As payers limited out-of-network benefits, the out-of-network providers kept increasing their charges which is why few employers now offer plans with out-of-network benefits and why the outlier charges should soon disappear if they haven’t already. Access to out-of-network providers is limited under most plans and most patients will pay more now if they choose to continue using them. 

Closed Networks

We’re entering another period of closed networks designed at least in theory to better manage the health and healthcare of patients by coordinating care and increasing compliance with behaviors that lead to healthy living.  However, these networks will also help reduce cost by using primary care physicians to channel patients to a fewer number of providers in exchange for bigger discounts. The downside is that patients often give up choice and control which scares some people.

Higher Discounts

Employer groups and others are reporting savings from using reference pricing and package pricing, also referred to as a bundled payment, which yield bigger discounts from providers on high volume services. Bundled payments make it easier for healthcare consumers to understand the cost of complex services and reference pricing makes it easier for them to choose a low cost provider.

However like most large businesses, healthcare providers including hospitals thinks about cost and profitability at a much higher level than a specific service or the patient.  Large providers can change their allocation methodologies to discount certain services as long as they can make it somewhere else.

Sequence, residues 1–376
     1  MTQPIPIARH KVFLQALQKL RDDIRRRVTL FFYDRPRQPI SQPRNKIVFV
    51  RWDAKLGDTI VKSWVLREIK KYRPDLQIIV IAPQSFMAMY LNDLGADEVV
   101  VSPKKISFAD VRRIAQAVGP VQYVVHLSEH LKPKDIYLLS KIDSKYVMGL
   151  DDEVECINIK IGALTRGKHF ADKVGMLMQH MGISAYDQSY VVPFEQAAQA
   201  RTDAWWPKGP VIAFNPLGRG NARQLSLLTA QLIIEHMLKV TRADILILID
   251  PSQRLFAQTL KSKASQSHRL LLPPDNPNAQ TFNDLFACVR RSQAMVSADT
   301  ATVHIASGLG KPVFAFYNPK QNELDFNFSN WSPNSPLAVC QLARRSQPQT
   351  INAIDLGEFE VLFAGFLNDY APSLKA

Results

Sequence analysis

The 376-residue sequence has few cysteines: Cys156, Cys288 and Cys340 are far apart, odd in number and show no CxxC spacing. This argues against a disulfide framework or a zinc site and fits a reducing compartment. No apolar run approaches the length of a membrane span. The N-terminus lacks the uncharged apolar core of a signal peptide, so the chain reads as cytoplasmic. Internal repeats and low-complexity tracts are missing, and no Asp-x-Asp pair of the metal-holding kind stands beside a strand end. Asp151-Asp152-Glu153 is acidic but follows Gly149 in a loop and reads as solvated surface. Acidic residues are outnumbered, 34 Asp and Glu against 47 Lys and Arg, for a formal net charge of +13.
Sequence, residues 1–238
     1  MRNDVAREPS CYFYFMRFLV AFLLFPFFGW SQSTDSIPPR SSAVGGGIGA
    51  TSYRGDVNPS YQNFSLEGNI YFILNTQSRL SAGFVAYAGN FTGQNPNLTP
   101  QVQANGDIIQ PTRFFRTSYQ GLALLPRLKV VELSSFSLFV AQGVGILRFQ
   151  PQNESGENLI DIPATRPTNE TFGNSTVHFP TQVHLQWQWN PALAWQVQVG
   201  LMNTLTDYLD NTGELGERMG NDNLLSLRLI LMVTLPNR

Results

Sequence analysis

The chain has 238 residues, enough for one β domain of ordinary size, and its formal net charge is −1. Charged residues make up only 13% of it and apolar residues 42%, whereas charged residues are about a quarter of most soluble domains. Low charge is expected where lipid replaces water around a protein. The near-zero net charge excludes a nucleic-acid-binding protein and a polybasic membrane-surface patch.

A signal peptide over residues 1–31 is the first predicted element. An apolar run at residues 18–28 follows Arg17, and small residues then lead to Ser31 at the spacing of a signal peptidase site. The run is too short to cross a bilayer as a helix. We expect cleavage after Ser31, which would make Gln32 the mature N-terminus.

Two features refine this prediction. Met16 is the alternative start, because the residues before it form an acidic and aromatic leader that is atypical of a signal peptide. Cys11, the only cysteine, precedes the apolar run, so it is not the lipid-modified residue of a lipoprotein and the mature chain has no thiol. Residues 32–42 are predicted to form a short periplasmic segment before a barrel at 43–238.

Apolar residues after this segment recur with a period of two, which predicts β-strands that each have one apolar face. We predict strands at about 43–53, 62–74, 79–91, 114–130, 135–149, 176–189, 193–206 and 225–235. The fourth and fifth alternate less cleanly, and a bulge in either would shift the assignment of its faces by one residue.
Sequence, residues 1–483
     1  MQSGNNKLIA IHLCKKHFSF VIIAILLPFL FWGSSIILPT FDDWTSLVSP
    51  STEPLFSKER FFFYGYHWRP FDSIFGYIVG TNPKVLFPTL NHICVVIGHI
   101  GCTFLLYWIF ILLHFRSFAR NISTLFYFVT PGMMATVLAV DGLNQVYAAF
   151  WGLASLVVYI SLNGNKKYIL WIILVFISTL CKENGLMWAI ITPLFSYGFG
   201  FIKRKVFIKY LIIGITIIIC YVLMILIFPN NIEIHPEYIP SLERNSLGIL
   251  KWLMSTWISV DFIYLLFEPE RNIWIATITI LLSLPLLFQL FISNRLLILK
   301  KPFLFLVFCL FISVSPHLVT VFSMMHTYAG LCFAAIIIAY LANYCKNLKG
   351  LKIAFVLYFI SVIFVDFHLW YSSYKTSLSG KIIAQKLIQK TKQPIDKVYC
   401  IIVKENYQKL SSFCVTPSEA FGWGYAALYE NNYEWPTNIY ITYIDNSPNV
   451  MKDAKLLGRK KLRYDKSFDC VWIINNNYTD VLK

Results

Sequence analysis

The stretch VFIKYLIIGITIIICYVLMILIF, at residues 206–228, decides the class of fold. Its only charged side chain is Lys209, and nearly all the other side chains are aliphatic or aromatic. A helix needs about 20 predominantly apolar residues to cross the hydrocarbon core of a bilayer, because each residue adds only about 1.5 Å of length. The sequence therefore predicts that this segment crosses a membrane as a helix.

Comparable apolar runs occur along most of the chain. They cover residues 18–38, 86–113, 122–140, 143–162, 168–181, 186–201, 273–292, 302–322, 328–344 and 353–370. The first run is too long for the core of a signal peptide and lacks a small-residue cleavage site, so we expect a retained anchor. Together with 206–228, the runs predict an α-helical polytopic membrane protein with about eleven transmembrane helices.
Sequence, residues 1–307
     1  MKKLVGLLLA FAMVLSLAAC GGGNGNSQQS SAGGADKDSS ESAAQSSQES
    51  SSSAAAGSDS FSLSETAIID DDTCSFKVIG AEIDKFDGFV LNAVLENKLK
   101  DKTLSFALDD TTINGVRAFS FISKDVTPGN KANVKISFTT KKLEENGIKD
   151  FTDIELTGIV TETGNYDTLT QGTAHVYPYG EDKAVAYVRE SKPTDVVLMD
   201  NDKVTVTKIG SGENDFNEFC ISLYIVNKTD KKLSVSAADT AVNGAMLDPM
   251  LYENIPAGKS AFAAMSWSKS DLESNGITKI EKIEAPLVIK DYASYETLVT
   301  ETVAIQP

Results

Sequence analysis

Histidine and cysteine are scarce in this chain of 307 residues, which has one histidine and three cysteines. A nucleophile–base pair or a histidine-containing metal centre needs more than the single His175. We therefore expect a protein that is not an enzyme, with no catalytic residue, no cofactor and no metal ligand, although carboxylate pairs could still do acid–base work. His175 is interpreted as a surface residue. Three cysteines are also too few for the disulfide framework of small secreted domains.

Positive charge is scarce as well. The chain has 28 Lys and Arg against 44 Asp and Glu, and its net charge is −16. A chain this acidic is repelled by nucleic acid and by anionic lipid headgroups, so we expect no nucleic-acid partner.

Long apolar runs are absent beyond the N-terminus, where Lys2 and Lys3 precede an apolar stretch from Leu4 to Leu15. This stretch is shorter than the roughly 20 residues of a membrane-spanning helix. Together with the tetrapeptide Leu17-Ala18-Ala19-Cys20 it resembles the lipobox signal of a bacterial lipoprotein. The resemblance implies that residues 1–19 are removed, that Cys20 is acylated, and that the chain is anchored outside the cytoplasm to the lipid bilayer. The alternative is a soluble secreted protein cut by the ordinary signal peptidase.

Deeper cost cutting for all services will take some time.  What many outside the industry do not fully appreciate are all the constraints on the main cost drivers for delivering healthcare.  For instance, labor is the most significant cost driver for provider organizations and it is constrained by regulatory guidelines, unions, geographical location and staffing shortages.

So in the short run, the cost of some services may decrease and others may increase as a result of pricing transparency. The impact on the total cost of care will depend largely on what happens with demand and other initiatives to align the interests of the healthcare delivery supply chain.

With that said, pricing transparency is a good thing for everyone including healthcare providers. It is much easier to collect money for services rendered when people understand what they owe and know that they will receive good care in return.

Before a diamond shows its brilliancy and prismatic colors it has to stand a good deal of cutting and smoothing.

– Unknown Author


About the Author: Shannon Smith is a healthcare strategist with over fifteen years of experience helping companies achieve greater success.